Drainage Guidelines

Your mother of thousands will do well in a standard cactus soil mix as it needs good drainage. If you use a traditional potting mix, add some sand to improve the drainage quality.

Kalanchoe daigremontiana requires a layer of stones or gravel at the bottom of the pot.

Fun fact: Other common names include: life plant, floppers, and miracle leaf.


Mother of thousands does not require pruning, other than removing the odd old leaf or stalk.

Should your houseplant grow too tall for your liking, the stems can be pruned back by about half their height.

These stems can then be popped into the soil and rooted if you are in the market for houseplants that don’t require a lot of pruning, check out the spider and snake plant as other great options.

When and How to Repot It

To reach their entire lifespan, mother of thousands require repotting only every 3-4 years. They are vulnerable to ‘transplant shock,’ so only repot if you feel it is essential.

The other reason you may need to replant is if the fallen baby plants have begun to take root and need to be uprooted and planted in their own pot.

Follow these steps when repotting:

  1. Hydrate your succulent for 24 hours before removing it from the existing pot. This will help to avoid the roots going into shock.
  2. Choose a pot the next size up from the one it’s currently in, preferably clay.
  3. Layer the pot with drainage stones and fill it with standard cactus soil, if possible.
  4. Pot your mother of thousands in the same position as before.

Top Tip: If the pot lives in a darker spot of your home, introduce some extra perlite and drainage grit to help with the potential of overwatering.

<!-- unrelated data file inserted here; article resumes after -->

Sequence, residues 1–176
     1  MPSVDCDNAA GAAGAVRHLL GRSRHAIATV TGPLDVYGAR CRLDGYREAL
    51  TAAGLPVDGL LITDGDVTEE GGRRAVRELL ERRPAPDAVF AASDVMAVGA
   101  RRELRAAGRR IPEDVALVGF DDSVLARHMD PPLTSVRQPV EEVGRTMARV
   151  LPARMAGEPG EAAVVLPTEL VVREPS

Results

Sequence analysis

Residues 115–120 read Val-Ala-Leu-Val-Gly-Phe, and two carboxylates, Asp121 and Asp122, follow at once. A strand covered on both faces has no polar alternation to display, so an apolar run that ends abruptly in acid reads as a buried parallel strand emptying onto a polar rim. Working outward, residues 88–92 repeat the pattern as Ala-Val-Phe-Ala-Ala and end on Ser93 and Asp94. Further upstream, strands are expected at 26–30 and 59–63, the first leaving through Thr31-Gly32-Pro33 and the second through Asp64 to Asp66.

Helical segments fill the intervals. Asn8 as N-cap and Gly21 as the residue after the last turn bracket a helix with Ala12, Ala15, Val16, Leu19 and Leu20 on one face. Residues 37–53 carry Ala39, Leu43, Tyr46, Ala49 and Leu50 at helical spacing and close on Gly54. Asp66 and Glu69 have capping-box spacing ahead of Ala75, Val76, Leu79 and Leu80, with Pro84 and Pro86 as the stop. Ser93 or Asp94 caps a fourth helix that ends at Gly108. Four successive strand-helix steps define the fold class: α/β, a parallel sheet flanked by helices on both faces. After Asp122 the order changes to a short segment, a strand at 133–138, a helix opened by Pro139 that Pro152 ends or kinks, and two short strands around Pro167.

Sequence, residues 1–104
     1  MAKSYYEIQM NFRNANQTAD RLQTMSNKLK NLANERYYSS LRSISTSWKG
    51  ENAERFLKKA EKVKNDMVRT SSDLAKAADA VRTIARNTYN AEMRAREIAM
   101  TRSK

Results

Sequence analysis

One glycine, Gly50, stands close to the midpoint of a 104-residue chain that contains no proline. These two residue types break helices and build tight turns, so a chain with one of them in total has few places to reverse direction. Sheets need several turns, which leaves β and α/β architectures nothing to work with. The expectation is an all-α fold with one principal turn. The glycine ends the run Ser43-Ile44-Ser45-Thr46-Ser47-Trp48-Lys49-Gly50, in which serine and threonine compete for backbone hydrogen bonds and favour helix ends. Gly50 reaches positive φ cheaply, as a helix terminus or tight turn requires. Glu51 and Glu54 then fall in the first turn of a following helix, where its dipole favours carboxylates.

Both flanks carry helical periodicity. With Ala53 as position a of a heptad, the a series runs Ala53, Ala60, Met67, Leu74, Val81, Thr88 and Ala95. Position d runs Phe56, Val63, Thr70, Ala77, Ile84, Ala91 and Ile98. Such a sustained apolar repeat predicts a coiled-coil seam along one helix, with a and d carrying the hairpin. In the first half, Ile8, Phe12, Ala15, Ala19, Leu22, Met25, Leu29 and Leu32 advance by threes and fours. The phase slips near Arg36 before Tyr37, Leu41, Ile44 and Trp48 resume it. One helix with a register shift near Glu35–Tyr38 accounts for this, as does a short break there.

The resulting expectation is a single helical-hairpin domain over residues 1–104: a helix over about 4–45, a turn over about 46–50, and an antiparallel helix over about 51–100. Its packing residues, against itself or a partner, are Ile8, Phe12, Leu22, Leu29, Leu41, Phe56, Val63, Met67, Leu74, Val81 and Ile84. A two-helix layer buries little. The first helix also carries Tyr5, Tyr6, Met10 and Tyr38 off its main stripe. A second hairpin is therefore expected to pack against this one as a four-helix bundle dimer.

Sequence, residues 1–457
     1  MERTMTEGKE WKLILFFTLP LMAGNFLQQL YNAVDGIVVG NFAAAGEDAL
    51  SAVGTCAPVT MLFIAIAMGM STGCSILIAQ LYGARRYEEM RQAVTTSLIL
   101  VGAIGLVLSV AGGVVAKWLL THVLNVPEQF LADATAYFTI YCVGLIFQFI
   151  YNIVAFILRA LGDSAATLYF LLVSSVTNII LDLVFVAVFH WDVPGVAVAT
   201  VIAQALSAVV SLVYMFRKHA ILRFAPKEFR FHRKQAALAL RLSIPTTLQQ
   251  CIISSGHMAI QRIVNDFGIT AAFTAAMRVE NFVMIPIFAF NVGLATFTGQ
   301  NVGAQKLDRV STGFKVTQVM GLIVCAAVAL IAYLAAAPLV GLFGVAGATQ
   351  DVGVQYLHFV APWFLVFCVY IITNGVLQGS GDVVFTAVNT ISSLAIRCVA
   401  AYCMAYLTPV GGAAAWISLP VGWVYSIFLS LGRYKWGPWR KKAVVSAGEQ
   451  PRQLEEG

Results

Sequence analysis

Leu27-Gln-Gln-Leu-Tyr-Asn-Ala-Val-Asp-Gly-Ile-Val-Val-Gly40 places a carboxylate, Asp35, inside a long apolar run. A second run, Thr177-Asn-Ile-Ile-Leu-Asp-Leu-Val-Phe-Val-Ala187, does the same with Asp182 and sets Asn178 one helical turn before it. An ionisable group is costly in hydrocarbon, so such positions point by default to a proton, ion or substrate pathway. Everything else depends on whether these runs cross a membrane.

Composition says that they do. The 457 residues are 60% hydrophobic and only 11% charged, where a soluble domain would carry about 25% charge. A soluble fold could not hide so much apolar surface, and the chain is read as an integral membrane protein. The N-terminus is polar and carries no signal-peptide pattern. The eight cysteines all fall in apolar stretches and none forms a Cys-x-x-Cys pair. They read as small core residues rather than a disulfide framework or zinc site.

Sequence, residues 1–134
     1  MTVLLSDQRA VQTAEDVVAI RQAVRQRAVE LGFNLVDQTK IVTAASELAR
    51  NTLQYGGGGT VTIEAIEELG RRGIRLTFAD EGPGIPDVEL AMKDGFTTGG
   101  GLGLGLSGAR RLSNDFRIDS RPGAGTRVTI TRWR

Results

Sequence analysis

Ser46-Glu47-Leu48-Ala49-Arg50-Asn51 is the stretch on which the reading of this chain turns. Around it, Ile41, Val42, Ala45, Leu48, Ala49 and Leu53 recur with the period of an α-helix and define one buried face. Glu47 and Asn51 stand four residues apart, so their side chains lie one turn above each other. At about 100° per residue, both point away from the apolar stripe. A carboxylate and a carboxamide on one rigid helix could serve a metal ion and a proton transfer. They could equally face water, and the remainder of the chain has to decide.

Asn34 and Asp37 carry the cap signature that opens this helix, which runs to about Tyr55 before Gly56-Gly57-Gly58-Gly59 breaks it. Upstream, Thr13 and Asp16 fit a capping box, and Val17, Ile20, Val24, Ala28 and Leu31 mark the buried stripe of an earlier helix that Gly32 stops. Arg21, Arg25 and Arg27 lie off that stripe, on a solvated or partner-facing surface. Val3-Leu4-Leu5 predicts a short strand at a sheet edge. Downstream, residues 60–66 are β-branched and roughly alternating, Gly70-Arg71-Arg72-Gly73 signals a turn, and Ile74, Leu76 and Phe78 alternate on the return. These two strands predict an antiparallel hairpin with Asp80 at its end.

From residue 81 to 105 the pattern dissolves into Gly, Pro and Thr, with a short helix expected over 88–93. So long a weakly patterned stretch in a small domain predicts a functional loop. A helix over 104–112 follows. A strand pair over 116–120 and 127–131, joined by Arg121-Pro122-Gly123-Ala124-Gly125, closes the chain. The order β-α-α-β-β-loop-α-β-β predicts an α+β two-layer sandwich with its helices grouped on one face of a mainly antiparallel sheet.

Indoor Habitat and Conditions

This fleshy succulent species will happily grow indoors, given the correct type of lighting and watering.

Light Requirements

Locate your houseplant in an area with some shade in the indirect sun. The first prize for this plant is a filtered light spot with flashes of morning and afternoon sun to replicate its original Madagascan habitat. This houseplant will not do well with hours of direct sunlight, leading to scorched leaves. Four hours a day of the sun is ideal.

Top tip: If you struggle to provide enough light for your plant, consider a grow light to assist you.

Best Soil

Kalanchoe daigremontiana is happiest in well-draining and sandy soil medium, cactus or succulent mix being ideal. They appreciate the addition of perlite into a standard potting soil mix.

pH 7 is perfect for the plant’s development, but acid, neutral, and alkaline is suitable.  An ideal recipe would be :

  • Succulent or cactus mix
  • Perlite
  • Pumice
  • Vermiculite


Feeding your Kalanchoe daigremontiana with fertilizer is unnecessary, but this succulent will benefit from a cactus, succulent feed, or a general houseplant fertilizer.

The Madagascan soil from which the alligator plant originates is nutrient-leaching soil, so the plant is naturally used to low levels of nutritional input.

Pot Size and Type

The best choice for your mother of thousands is a terracotta or unglazed clay pot that allows it to breathe and is 2 inches (5cm) wider than the plant.  Ensure the pot has suitable drainage holes, and consider that your succulent will drop little plantlets into the soil beneath the mother leaf.

The Mexican hat will eventually grow to fit the size of the pot – it’s essential to choose a pot that is big enough without the plant looking tiny inside it.

Temperature Range

Mothers of thousands enjoy an environment of 54°F to 90°F (12°C-32°C). Your plant won’t thrive in temperatures below 40°F (4°C).

Humidity Level

Medium to low humidity is the optimal setting, with 35-45% as a comfortable range for them.

Top Tip: Keep the plants clear of heating ducts, open fires, and chilly drafts near air conditioning units.

Can They Live Outside?

Mother of thousands will happily live outside in the warmer months, preferably out of the direct sun. This plant thrives in hardiness zones of 9-11 USDA. Bring your plant indoors as soon as the temperature drops; remember not to set it near a heater after it’s been outside, as this will dry the leaves out.

Top Tip: If you plan to move them outside, it’s advised to keep them in pots and not try to plant the babies into beds or the ground, as these plants can spread and take over.

Do They Bloom?

It is rare for Mexican hats to flower indoors. They will sometimes gift flowers to indoor gardeners, but it’s certainly not often. If this does happen, it will be due to perfect light and temperature conditions.

How to Grow It

Mother of thousands is an exciting plant to grow; the methods to do this successfully are detailed below.